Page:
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Neolithic spread eight times faster in Mediterranean than rest of Europe

The Neolithic spread in Europe occurred mainly by land and progressively. However, a study by the UdG, UB and the Colgate University concludes that the Neolithic expanded eight times faster in the western Mediterranean coast than in the rest of the continent. Therefore the hypotheses stating that Neolithic populations moved through the sea are now confirmed.

Neolithic spread eight times faster in Mediterranean than rest of Europe
A study by the UdG, UB and the Colgate University concludes that the Neolithic expanded eight times faster
in the western Mediterranean coast than in the rest of the continent [Credit: Universitat de Barcelona]
The transition towards the Neolithic was a large-scale transformation, experienced by many human societies, which went from a subsistence economy based on hunter-gatherer societies to an economy based on agriculture and livestock. This allowed the development of sedentary communities and complex social and political structures that represent the seed of current societies.
In Europe, agriculture was brought from the Middle East and it spread through land gradually, at an average rate of 1km per year. However, the archaeological records show that West Mediterranean underwent a faster process. The expansion speed from North-Western Italy to the central area of Portugal is estimated to be 8,7 km per year.

A research study led by the University of Girona (UdG) suggests that this fast expansion would have an answer in the maritime voyages by the first farmers. Researchers of the UdG, the University of Barcelona (UB) and Colgate University (United States) reached this conclusion and published it in an article on the scientific journal Proceedings of the National Academy of Sciences.

The study developed a computational model in which different maritime traveling mechanisms are explored, as well as the interaction between the area populations. Researchers compared these simulations with forty-two high-quality data from an archaeological database and could identify the key elements and mechanisms that lead to the observed archaeological pattern.

The simulation shows that this fast expansion cannot be explained without sea traveling. Researchers opt for a situation in which small groups of farmers would have travelled bordering the coast (300-450 km per generation). Also, the archaeological pattern, which shows multiple entry points around the marine coast, can be explained with leapfrog dispersals and leaving uninhabited areas. The interaction and reproduction with hunter-gatherer local populations could have contributed to reach these dynamic advances.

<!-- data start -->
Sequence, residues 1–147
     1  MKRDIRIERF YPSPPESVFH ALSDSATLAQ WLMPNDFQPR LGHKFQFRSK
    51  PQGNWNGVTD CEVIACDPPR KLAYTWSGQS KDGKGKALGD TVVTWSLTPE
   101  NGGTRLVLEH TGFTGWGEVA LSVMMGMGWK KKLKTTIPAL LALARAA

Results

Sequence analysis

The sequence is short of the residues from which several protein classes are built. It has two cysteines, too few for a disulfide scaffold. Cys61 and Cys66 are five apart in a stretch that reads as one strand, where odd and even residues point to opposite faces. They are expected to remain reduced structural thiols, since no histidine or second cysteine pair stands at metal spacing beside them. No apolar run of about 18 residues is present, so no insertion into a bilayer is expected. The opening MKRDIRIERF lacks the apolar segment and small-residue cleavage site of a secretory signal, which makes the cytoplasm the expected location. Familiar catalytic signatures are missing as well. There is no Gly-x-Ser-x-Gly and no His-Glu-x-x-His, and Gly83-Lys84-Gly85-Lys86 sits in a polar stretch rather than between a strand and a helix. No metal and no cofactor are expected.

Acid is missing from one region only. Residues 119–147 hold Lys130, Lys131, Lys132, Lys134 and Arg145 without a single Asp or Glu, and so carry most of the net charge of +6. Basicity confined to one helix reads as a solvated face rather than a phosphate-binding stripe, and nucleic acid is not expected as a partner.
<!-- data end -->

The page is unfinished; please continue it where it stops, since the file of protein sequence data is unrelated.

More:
Multidisciplinary research

This research results from a multidisciplinary collaboration between two archaeologists and two physicians, experts in the Neolithic transition. The physician Neus Isern (UdG) dedicated great part of her research to the study of Neolithic transitions around the world, out of two mathematical and computational models that allowed her to reach a better understanding of the implicit mechanisms in agriculture expansion processes. The archaeological research by the ICREA Senior researcher João Zilhão (UB) is essentially focused on the periods of middle and upper Palaeolithic, but he dedicated part of his research to the study of the early Neolithic in West Mediterranean, until creating the pioneer hypothesis for the maritime expansion analyzed in this article. Joaquim Fort (UdG), professor of Physics and ICREA Academia researcher, started applying physics models to the propagation of the Neolithic transition in 1999, and has developed mathematical representations of anthropological processes, such as cultural transmission equations between farmers and hunters used in the article. Albert J. Ammerman (Colgate University) has dedicated his study to archeological research in the Mediterranean area for more than forty years. He was pioneer in the application of mathematical models in the Neolithic expansion together with the geneticist Luigi Luca Cavalli-Sforza.

Source: Universitat de Barcelona [March 21, 2017]

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1 comment :

  1. Thanks for this. Human dispersals always happened along coasts or rivers (never over hot dry planes!), typically 20 or 25 km per generation, possibly already since the early-Pleistocene (coastal dispersal model of archaic Homo), but this late dispersal in the western Mediterranean, just like the dispersals of the Austronesian languages at the other side of Eurasia, happened much faster, oversea.


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